Posts Tagged ‘Patchworking’

Paper out in Educational Media Journal

Monday, September 15th, 2008

I am happy to say that a paper I and Lone Dirckinck-Holmfeld have been working on as a further development of a paper presented at the LYICT conference is now out in the Educational Media Journal. It is work which build on my PhD project about understanding learning as a process of patchworking, but it also takes a critical look at notions such as digital natives, power users etc. Below is an abstract:

This paper sets out to problematise generational categories such as “Power Users” or “New Millennium Learners” by discussing these in the light of recent research on youth and information and communication technology. We then suggest analytic and conceptual pathways to engage in more critical and empirically founded studies of young people’s learning in technology and media-rich settings. Based on a study of a group of young “Power Users”, it is argued that conceptualising and analysing learning as a process of patchworking can enhance our knowledge of young people’s learning in such settings. We argue that the analytical approach gives us ways of critically investigating young people’s learning in technology and media-rich settings, and study if these are processes of critical, reflexive enquiry where resources are creatively re-appropriated. With departure in an analytical example, the paper presents the proposed metaphor of understanding learning as a process of patchworking and discusses how we might use this to understand young people’s learning with digital media.

For those interested the paper can be found here:

Ryberg, Thomas & Dirckinck-Holmfeld, Lone (2008). Power Users and patchworking – An analytical approach to critical studies of young people’s learning with digital media. Educational Media International, 45 (3), 143-156. Retrieved September 15, 2008, from http://www.informaworld.com/10.1080/09523980802283608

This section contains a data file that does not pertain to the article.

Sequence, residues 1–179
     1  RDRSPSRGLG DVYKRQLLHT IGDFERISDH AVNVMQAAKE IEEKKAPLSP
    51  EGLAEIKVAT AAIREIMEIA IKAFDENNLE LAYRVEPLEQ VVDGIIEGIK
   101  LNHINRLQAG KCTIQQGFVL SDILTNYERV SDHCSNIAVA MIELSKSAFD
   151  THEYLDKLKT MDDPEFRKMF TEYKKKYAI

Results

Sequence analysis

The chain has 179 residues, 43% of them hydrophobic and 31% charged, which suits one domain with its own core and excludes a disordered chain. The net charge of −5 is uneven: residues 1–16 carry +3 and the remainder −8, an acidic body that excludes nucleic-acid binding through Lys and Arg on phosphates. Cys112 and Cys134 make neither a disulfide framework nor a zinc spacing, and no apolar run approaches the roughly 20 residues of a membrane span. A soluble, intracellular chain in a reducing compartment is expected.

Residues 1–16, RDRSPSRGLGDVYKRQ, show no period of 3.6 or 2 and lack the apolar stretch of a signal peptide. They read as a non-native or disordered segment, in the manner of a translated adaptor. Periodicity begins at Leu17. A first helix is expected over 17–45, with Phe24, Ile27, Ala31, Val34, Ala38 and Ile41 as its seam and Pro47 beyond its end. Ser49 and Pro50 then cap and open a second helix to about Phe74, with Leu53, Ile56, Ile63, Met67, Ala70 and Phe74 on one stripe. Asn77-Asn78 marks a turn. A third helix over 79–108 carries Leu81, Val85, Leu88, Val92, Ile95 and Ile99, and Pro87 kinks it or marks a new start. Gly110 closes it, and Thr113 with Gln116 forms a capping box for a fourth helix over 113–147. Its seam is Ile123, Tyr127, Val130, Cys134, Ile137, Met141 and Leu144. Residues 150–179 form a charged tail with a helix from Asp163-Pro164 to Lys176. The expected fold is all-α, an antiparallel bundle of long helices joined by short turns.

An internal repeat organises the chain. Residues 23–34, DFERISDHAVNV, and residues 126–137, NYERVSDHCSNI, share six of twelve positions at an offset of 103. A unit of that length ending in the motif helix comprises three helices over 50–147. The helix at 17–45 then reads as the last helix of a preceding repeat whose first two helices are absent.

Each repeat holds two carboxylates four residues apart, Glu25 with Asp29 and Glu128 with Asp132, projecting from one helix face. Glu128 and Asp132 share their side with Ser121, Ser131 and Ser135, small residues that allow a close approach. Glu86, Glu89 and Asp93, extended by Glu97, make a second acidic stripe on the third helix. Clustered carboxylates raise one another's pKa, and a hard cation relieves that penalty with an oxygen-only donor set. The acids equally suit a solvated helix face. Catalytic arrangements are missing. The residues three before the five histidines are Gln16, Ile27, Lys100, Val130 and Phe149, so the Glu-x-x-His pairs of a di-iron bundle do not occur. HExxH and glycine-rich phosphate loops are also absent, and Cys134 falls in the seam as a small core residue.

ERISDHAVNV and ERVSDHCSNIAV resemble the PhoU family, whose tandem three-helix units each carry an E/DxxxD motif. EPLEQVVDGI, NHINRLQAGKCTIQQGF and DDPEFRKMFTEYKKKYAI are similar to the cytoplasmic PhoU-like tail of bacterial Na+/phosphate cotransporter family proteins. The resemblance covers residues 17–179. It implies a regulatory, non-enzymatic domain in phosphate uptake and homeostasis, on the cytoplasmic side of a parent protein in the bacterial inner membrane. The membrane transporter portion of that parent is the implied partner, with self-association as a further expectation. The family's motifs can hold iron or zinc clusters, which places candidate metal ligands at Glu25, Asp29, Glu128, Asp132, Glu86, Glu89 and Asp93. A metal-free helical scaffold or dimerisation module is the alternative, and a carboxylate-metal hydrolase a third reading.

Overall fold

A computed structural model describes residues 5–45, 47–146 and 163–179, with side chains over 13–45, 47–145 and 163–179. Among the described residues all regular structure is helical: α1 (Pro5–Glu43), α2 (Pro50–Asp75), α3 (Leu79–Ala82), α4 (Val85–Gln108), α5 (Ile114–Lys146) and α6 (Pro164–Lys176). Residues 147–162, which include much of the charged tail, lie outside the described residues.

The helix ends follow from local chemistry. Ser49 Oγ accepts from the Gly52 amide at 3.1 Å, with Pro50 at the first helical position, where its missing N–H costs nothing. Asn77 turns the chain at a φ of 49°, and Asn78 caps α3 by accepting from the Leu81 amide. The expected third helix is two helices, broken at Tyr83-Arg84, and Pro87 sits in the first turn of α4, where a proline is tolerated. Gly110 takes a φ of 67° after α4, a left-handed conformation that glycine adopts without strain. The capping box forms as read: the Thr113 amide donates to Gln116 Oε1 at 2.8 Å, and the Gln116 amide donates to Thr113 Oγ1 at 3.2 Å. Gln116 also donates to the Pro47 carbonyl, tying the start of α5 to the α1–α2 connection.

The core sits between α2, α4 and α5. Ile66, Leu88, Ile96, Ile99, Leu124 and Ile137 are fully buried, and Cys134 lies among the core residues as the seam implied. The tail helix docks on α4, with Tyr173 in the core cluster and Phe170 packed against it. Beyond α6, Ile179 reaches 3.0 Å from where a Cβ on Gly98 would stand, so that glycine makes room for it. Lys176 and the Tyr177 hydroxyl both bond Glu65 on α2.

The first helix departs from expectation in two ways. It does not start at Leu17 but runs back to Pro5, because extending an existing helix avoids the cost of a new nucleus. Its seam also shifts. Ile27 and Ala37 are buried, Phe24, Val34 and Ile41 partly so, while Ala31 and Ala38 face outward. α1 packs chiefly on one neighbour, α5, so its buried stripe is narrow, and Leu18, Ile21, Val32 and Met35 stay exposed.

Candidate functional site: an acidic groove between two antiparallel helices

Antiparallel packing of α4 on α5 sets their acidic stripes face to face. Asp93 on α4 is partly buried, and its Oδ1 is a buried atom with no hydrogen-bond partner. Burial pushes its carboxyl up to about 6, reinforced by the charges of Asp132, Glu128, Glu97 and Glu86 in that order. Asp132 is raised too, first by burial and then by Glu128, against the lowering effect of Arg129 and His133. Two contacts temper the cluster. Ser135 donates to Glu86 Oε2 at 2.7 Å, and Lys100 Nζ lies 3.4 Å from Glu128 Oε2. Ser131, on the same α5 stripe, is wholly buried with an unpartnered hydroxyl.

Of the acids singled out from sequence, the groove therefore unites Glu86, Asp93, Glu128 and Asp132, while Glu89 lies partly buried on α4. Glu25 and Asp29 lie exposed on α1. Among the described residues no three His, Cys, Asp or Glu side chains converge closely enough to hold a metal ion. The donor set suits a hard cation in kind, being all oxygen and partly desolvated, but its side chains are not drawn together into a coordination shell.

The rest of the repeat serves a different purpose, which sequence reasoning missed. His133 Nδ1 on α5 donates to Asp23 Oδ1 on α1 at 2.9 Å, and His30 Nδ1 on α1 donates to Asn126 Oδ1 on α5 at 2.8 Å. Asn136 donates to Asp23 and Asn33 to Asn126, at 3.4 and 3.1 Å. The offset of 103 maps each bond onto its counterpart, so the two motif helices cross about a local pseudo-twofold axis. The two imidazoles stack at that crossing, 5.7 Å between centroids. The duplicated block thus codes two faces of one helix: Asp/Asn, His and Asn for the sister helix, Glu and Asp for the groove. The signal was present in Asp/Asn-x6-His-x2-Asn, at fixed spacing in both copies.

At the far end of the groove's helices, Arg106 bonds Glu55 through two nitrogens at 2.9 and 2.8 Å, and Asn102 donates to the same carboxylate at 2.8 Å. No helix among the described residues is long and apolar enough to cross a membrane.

Back from LYICT conference in Kuala Lumpur (Malaysia)

Monday, July 14th, 2008

This Saturday I returned from four days conference in Kuala Lumpur. The LYICT conference entitled ‘ICT and Learning for the Net Generation’ was an IFIP conference (Internation Federation for Information Processing) and more specifically connected to TC3 (Technical Committee) on ICT and Education. It consisted of a two days open conference and a two day working conference, where there were discussions in smaller groups around different themes. The conference took place at the beautiful and comfortable Saujana Hotel and it was arranged as a joint venture between the International Program Committee and a Local Organising Committee – the latter headed by Open University Malaysia. I have not attended an IFIP conference previously (though I did co-author a paper for the 8th IFIP World Conference on Computers in Education (WCCE) 2005 in Stellenbosch, South Africa), but the organisation, venue and logistics were really great. Furthermore, the organisers have put a lot of pictures from the conference online, which can be found here. The only thing missing was actually access to a wireless network during the conference sessions (which might actually also be a good thing :-) ).

The conference in general was really exciting, and there were many interesting presentations. I presented the paper Patchworking and Power Users – a Novel Approach to Understand Learning? (co-authored with Prof. Lone Dirckinck-Holmfeld). The paper develops and presents some of the ideas from my PhD dissertation, but also critically addresses notions such as Digital Millennium Learners, Power Users, the Net Generation, Digital Natives and other generational metaphors (see also a previous blog-posting on this issue). It was presented in a session together with three other presenters. Michael Weigend presented his experiences with some programming projects where students had to model and program scenarios of ‘how to tell a joke’. As Michael writes in the abstract:

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